With the release of GSA Polaris around the corner, one looming issue remains: Contractors may lose out on an award or, perhaps worse, they may find themselves without access to task orders after granted a Polaris award due to the increasingly stringent requirements of  Supply Chain Risk Management (SCRM). In this blog, Isaias “Cy” Alba, a partner in PilieroMazza’s Government Contracts Group, and John Cofrancesco, VP of Government Security Solutions at Fortress, reveal what government contractors should know now about SCRM requirements before putting their Polaris proposal at risk.

Robust SCRM Requirements Require Evolutionary Cybersecurity Plans

The Polaris RFP states that offerors must submit a written cybersecurity and SCRM assessment which discusses what an offeror has done to identify, manage, and mitigate supply chain and cybersecurity risks. As a part of this narrative, the offerors must explain how they, “will maintain a high level of cybersecurity and SCRM readiness for performance of IT services for federal customers.” 

Further, this initial requirement   is just the tip of the iceberg.  GSA noted in the Draft RFP that they expect offerors to not only have protections in place today, but that offerors must submit an SCRM plan each year of the contract to ensure that they are staying abreast of the latest changes and emerging technologies in relation to SCRM policies, procedures, and tools.  Parroting the NIST recommendations will no longer be sufficient as it is likely that task orders will require increasingly robust protections each successive year.  Offerors must not only have sufficient protections today but commit to a cycle of continuous improvement.

Remaining One Step Ahead of Requirements is Critical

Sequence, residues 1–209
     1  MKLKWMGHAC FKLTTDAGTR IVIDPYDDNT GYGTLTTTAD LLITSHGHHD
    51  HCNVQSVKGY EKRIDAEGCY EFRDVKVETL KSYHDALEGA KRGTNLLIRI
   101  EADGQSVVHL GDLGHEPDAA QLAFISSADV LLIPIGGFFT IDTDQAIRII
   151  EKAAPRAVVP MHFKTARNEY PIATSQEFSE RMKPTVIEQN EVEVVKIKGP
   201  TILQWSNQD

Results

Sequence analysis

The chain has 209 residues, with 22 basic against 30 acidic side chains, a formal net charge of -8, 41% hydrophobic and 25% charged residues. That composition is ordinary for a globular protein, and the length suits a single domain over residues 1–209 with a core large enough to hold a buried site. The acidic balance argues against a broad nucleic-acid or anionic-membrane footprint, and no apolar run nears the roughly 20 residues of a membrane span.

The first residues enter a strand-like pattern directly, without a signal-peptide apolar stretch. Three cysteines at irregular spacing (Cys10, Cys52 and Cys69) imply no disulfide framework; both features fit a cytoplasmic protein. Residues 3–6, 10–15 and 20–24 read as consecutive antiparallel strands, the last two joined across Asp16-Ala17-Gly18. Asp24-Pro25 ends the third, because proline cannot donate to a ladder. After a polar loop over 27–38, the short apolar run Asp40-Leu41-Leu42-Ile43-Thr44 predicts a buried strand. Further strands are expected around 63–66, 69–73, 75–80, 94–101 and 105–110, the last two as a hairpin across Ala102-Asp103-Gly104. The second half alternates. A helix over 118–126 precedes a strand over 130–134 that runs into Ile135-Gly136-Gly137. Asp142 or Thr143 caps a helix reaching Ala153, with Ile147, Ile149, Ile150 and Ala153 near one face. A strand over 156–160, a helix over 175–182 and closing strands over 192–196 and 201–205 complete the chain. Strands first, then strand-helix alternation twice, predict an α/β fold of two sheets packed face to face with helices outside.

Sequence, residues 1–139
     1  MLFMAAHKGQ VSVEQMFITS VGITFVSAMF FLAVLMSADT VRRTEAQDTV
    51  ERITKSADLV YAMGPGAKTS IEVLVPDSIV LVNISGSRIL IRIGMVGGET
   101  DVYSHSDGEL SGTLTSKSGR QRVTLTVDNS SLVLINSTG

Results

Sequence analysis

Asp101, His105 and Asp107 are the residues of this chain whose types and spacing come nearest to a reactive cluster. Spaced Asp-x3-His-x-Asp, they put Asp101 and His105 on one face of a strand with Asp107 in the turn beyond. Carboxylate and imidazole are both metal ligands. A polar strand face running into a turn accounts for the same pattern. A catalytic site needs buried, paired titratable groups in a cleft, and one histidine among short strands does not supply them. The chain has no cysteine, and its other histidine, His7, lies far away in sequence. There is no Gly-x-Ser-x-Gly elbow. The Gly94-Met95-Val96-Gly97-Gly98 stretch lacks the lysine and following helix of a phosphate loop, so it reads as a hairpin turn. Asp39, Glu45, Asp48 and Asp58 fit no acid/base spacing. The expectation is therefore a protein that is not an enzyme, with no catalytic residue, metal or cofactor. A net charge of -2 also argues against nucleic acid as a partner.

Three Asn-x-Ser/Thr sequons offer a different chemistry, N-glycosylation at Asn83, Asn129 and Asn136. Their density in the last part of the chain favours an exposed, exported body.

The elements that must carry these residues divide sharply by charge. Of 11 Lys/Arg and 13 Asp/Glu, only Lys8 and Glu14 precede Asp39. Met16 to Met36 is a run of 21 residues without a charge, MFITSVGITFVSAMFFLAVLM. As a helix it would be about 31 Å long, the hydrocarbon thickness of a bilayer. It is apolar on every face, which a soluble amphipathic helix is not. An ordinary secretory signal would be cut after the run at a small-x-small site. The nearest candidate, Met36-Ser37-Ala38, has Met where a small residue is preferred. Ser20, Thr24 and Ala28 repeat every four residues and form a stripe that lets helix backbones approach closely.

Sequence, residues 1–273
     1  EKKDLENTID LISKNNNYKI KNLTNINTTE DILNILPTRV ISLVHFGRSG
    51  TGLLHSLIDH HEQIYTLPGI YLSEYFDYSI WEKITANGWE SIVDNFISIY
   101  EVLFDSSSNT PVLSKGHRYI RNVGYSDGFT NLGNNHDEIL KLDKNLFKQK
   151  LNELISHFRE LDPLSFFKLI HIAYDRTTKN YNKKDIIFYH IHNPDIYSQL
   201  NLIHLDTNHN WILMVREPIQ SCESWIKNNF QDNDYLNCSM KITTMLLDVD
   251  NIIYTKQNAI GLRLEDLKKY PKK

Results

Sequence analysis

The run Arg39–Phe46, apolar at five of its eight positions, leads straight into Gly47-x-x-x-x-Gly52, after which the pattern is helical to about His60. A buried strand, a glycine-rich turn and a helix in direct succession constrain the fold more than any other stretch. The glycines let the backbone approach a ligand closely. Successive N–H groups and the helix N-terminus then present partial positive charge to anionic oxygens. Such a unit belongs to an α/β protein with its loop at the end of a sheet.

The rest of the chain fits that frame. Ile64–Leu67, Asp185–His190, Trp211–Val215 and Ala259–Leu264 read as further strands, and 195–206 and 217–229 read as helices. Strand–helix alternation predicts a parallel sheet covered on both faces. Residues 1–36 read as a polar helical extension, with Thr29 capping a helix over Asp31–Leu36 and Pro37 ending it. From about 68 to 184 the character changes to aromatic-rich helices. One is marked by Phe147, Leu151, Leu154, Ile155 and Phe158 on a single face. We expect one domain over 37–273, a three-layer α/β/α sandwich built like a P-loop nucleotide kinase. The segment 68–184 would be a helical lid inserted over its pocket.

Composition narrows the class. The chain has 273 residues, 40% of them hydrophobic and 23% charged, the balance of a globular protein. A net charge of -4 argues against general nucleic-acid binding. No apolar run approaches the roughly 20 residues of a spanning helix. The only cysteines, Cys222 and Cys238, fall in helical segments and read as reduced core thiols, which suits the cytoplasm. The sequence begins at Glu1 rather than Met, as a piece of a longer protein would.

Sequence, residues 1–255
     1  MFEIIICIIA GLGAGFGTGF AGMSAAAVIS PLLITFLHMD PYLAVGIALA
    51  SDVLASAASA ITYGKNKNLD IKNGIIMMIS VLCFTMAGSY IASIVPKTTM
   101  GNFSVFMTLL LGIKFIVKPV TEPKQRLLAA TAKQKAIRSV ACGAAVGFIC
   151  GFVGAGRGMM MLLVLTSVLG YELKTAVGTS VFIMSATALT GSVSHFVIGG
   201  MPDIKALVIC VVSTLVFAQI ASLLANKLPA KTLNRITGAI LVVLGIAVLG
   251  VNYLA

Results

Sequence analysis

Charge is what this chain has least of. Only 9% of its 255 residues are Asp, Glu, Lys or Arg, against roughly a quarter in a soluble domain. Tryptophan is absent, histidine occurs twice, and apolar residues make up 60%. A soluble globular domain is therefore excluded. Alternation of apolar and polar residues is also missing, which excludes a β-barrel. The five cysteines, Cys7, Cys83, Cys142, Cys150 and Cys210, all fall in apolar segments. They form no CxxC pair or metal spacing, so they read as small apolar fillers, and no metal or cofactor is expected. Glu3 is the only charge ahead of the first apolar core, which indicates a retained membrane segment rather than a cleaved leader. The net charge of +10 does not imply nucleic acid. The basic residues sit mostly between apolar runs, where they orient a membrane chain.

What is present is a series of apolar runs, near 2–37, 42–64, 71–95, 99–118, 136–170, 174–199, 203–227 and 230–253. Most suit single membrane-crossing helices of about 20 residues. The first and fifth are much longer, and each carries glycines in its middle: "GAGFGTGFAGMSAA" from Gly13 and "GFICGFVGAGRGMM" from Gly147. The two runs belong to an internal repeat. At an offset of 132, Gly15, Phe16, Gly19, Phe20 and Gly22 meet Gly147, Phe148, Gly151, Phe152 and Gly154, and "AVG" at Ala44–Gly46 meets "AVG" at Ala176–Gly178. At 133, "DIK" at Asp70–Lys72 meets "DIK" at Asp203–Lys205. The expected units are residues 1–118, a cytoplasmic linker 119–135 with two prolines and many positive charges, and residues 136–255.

GSA has expressed its desire for offerors to plan ahead and to constantly assess and anticipate the future of cybersecurity and SCRM.  Indeed, the Draft RFP notes that offerors “must be preparing” for the rollout of the Cybersecurity Maturity Model Certification (“CMMC”) as well as SCRM accreditation.  While both of those certifications/accreditations are not yet fully implemented, GSA clearly wants to see offerors have tools in place to successfully implement their future cybersecurity plan including all evolving requirements. 

What do these new requirements mean for aspiring offerors?  Not only does this mean ensuring procedures for cybersecurity and SCRM meet the NIST 800-171 and NIST 800-161 standards, but businesses  must also ensure that their subcontractor base is able to meet the standards and future requirements, which will only become more stringent.

As a result, this puts the onus on the contractor to be able to adequately review subcontractor cybersecurity and SCRM protections.  DOJ has already starting prosecuting False Claims Act cases where contractors include cybersecurity plans in their proposals but then failed to deliver.  This trend of enforcing repercussions will only continue so it is imperative that businesses  have more than just a fancy written policy for these issues, but they must also possess the knowledge and strategy to actually put them into practice.

The Bare Minimum Will No Longer Suffice

The bottom line is that comprehensive  cybersecurity and SCRM policies and procedures are required  in order to receive a Polaris award; however, in order to win work under the contract it is very likely businesses will need much more. 

A repertoire of robust security tools ensures that, “hardware, software, firmware/embedded components and information systems are protected from component substitution, functionality alteration, and malware insertion while in the supply chain.”  Additionally, such tools are required in order to, “maintain a high level of cybersecurity and SCRM readiness,” for the life of the Polaris contract and all task orders issued thereunder. 

Future Compliance Requires Proactive Action

Are you ready for Polaris’ SCRM requirements?  Do you have the tools necessary to evolve your policies, procedures, and systems to win actual task orders?  These are critical questions that all offerors must ask themselves and act immediately if they hope to win a spot and secure work under GSA’s latest Best in Class contract – Polaris.

The Fortress A2V Supplier Security Network is a one tool that can help you quickly navigate the often-tumultuous regulatory landscape of cyber requirements.  As a member of the Network, you gain access to instant assessments and cyber tools that can automatically illuminate your supply chain and provide relevant attestation documentation.  Read more about the A2V network and view a demo here.

If you have questions concerning the content in this blog, please contact the co-authors Isaias “Cy” Alba at [email protected] or [email protected].